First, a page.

During submaximal contraction to U46619 (10−7 mol/L), levcromakalim (10−8 to 3 × 10−6 mol/L) similarly induced concentration-dependent relaxation in the human omental artery without endothelium treated with D-glucose (5.5 mmol/L) (the control group) or D-glucose (5.5 mmol/L) in combination with L-glucose (20 mmol/L) (the L-glucose group to adjust the osmolality) (Fig. 2A). Glibenclamide (10−6 mol/L) completely abolished the relaxation of arteries in the L-glucose group (Fig. 2A). The addition of D-glucose (20 mmol/L) to the control condition (the D-glucose group) inhibited the dilation induced by levcromakalim, whereas human serum albumin (BENESIS and Behring) and bovine serum albumin (0.5 g/dL), similarly to Tiron (10 mmol/L), restored the dilation inhibited by the addition of D-glucose (20 mmol/L) (Fig. 2B and C).
The incubation of human coronary arterial smooth muscle cells for 60 min using the modified Krebs-Ringer solution containing D-glucose (5.5 mmol/L) in combination with D-glucose (20 mmol/L), but not L-glucose (20 mmol/L), increased intracellular levels of superoxide (Fig. 3A and 3B). Gp91ds-tat (10−6 mol/L) and Tiron (10 mmol/L), but not sgp91ds-tat (10−6 mol/L), decreased the levels to the control condition (Fig. 3B). Human serum albumin (BENESIS, 0.05 to 0.5 g/dL) concentration-dependently reduced levels of superoxide produced by D-glucose (20 mmol/L, Figs. 3A and 3C), whereas the caveolae washout by methyl-β-cyclodextrin (10 mmol/L) and human serum albumin (BENESIS, 0.5 g/dL), but not the glycoprotein gp60 antibody (20 μg/ml), similarly attenuated the superoxide levels enhanced by D-glucose (20 mmol/L, Fig. 3D).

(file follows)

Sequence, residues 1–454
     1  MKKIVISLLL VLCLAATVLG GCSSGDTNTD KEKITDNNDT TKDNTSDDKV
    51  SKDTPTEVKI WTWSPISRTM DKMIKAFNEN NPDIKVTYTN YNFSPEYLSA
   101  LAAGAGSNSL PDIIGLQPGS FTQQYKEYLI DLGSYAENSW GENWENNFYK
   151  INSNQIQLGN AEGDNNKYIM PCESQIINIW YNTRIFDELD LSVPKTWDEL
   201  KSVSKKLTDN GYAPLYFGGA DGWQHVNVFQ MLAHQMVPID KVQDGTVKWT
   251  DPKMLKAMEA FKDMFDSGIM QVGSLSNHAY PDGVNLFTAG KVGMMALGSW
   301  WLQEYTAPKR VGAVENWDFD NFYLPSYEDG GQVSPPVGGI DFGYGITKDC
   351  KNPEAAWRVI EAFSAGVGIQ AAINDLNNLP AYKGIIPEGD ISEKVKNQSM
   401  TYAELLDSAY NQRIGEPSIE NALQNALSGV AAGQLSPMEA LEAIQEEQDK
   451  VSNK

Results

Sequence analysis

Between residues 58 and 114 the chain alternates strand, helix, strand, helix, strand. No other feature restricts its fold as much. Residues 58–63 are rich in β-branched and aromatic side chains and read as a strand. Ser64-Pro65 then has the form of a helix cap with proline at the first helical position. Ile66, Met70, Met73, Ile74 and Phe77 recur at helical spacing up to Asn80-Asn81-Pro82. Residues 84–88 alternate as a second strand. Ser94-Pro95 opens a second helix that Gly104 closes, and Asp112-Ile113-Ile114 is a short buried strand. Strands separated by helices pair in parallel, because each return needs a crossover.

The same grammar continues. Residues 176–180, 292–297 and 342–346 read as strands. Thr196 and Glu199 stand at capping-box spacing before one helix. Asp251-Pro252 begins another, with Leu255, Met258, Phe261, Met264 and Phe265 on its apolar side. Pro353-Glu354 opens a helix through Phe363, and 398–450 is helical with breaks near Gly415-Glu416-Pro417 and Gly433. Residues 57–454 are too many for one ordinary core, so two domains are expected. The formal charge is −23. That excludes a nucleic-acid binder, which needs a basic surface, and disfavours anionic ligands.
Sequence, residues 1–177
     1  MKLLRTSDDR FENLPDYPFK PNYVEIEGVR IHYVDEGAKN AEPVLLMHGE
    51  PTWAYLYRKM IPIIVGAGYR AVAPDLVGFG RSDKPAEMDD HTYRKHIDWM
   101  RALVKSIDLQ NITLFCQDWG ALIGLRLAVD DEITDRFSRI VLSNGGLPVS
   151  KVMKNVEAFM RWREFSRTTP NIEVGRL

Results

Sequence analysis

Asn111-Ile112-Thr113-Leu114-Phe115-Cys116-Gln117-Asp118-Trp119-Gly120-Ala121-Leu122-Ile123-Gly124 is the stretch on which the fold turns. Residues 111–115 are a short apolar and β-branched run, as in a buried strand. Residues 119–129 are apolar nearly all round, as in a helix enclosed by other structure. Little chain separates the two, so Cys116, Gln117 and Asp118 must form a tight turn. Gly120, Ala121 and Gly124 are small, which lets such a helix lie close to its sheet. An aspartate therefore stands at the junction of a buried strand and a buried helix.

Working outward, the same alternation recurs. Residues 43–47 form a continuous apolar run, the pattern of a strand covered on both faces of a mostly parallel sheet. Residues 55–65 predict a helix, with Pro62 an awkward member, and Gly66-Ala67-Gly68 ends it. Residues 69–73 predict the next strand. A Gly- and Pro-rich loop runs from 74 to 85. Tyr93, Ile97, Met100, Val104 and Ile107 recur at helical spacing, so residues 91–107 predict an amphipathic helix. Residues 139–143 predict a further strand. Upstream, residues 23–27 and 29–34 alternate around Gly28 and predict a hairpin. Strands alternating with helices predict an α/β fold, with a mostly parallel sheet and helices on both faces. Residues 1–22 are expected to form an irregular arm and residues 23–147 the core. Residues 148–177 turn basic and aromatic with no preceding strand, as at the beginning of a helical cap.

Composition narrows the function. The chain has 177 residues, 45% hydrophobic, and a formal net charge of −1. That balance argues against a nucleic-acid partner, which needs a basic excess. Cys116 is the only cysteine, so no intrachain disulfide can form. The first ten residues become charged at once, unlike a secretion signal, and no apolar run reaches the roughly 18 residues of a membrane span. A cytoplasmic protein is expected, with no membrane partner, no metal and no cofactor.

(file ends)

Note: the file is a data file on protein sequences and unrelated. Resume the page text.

The incubation of human coronary arterial smooth muscle cells for 60 min using the modified Krebs-Ringer solution containing D-glucose (5.5 mmol/L) in combination with D-glucose (20 mmol/L), but not L-glucose (20 mmol/L), enhanced relative expression of a NADPH oxidase subunit p47phox in the membrane protein fraction of human coronary arterial smooth muscle cells, whereas the addition of D-glucose did not affect the relative protein expression of other NADPH oxidase subunits rac1 and NOX2 (Fig. 4A). Human serum albumin (BENESIS, 0.5 g/dL) in combination with D-glucose completely inhibited the membrane recruitment of p47phox (Fig. 4A).